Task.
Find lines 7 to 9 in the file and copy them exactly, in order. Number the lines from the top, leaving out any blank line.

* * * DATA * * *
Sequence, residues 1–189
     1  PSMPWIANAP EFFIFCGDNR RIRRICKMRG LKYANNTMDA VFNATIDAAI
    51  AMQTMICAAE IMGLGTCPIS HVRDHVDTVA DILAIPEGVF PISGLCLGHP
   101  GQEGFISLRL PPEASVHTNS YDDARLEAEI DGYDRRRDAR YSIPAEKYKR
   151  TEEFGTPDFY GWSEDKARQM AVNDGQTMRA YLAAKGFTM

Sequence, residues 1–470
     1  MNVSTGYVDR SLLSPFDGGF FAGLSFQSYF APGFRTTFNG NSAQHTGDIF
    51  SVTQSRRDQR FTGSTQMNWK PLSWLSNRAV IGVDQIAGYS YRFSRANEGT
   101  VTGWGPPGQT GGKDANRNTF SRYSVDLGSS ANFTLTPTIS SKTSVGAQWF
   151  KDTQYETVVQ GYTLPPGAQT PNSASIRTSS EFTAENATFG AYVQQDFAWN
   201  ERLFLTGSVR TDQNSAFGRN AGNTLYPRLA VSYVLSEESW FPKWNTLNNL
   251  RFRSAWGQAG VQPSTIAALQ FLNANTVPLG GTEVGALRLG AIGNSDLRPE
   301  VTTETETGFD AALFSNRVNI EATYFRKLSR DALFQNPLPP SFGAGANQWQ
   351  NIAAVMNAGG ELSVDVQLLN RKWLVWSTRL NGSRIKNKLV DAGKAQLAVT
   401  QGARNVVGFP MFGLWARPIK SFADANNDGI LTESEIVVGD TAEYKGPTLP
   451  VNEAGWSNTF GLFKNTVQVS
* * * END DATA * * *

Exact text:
     1  MNVSTGYVDR SLLSPFDGGF FAGLSFQSYF APGFRTTFNG NSAQHTGDIF
    51  SVTQSRRDQR FTGSTQMNWK PLSWLSNRAV IGVDQIAGYS YRFSRANEGT
   101  VTGWGPPGQT GGKDANRNTF SRYSVDLGSS ANFTLTPTIS SKTSVGAQWF